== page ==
- Scroll down the list of service apps and click on Search Service Application
- Within the Search Administration dashboard, in the sidebar on the left, click File Types
- Click ‘New File Type’ and enter PDF in the File extension box. Click OK
- Scroll down the list of file types and check that PDF is now listed and displaying the pdf icon.
- Close the web browser
- Stop and restart Internet Information Server (IIS)*2 Note: this will temporarily take SharePoint offline. Open a command line (Start – Run – enter ‘cmd’) and type ‘iisreset’
- Perform a full crawl of your index. Note: An incremental crawl is not sufficient when you have added a new file type. SharePoint only indexes file names with the extensions listed under File Types and ignores everything else. When you add a new file type, you then have to perform a full crawl to forcibly identify all files with the now relevant file extension.
That’s it. If you now perform a search, PDF files should be displayed in results where they match the search query, along with the PDF icon on display in results. The icon should also be visible in any document libraries that contain PDF files.
* Additional Notes:
- At time of writing (March 2010), Adobe has published PDF iFilter 9 for 64-bit applications, tested on SharePoint 2007 but not yet listed as tested on SharePoint 2010. So far, it is working fine on my builds of SharePoint 2010 (Beta versions)
- When setting this up, I initially just restarted the search service rather than IIS but found myself locked out of SharePoint. Resetting IIS fixed it. I don’t know for certain if you also need to restart the search service. Will test on the next build and update here.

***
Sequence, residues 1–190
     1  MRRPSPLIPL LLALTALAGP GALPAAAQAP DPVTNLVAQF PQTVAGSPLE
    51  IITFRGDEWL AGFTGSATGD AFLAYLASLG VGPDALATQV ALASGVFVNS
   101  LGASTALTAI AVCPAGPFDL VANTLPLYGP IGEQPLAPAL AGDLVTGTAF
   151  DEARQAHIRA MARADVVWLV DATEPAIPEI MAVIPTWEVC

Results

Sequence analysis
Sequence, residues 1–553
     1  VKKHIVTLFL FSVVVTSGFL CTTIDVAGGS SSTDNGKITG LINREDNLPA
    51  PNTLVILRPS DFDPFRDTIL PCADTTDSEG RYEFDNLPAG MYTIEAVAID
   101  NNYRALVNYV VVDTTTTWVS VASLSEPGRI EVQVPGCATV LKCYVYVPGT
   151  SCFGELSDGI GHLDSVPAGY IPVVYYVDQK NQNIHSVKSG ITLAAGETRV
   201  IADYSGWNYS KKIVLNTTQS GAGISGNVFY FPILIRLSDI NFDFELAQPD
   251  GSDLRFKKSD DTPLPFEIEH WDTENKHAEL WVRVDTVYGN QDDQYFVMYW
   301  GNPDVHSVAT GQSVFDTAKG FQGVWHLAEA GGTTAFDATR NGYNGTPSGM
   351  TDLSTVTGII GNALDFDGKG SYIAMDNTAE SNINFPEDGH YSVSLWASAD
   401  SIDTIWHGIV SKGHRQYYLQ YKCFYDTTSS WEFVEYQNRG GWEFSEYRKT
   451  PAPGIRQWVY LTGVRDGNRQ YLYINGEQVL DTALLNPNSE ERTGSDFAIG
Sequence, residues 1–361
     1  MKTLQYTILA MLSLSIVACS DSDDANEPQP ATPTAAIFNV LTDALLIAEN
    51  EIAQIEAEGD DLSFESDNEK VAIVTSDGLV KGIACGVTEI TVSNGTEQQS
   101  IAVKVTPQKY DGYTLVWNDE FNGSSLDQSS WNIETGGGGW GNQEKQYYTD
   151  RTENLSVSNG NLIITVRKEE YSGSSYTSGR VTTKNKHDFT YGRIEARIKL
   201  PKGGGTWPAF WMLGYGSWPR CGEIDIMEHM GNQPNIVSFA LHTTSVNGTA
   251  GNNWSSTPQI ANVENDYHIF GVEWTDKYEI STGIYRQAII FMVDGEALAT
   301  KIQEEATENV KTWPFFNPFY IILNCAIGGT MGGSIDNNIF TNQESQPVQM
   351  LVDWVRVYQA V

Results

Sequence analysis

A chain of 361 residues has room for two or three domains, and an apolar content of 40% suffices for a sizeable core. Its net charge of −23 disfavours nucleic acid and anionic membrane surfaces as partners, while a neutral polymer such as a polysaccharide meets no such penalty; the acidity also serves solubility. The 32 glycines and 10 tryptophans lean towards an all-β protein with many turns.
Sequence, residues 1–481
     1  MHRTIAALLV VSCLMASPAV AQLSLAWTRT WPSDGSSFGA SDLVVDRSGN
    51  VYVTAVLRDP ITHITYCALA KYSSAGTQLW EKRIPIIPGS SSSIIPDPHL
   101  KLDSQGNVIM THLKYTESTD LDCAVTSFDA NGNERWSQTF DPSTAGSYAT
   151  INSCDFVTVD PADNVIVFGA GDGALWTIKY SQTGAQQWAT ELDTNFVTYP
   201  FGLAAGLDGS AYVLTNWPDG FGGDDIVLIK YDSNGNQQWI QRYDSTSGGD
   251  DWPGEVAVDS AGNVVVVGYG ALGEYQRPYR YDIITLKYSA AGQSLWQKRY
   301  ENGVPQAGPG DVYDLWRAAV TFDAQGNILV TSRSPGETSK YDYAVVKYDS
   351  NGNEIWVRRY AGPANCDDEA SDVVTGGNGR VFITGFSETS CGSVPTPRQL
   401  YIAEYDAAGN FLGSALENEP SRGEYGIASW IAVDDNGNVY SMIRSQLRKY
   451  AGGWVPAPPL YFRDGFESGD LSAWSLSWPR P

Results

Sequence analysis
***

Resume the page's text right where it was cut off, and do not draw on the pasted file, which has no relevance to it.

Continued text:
- As with SharePoint 2007, there are alternative PDF ifilters. The most well known is Foxit Pro – http://www.foxitsoftware.com/. Rumoured to perform indexing faster than using Adobe’s iFilter. I can’t comment, I haven’t tested it. Given PDFs don’t change (they are usually PDFs specifically to not be edited) they are only indexed when first uploaded or when you perform a full crawl. Most organisations should primarily be performing incremental crawls – updating the index with content that has been added or changed rather than re-indexing everything
- An absolute cheat for getting round the need to do registry edits is to install Adobe Reader on your server… If just installing Adobe’s iFilter, follow their instructions for the additional registry edits required.
- There’s a Powershell script for doing all of this, see Johan Skoglund’s blog – Use Powershell to configure PDF search in SharePoint 2010. Haven’t tried it yet, will give it a go on the next demo build and it’s been confirmed int he comments
- Another suggestion from the comments – you don’t have to use the default icons (but do make sure whatever ones you do use are licensed or free to use). Thanks to Jon for suggesting http://www.iconmaker.com where you can search for icons free to use commercially. Nothing stopping you from using your own icons for all the different file types… But make sure the size is no larger than 17 x 17 pixels.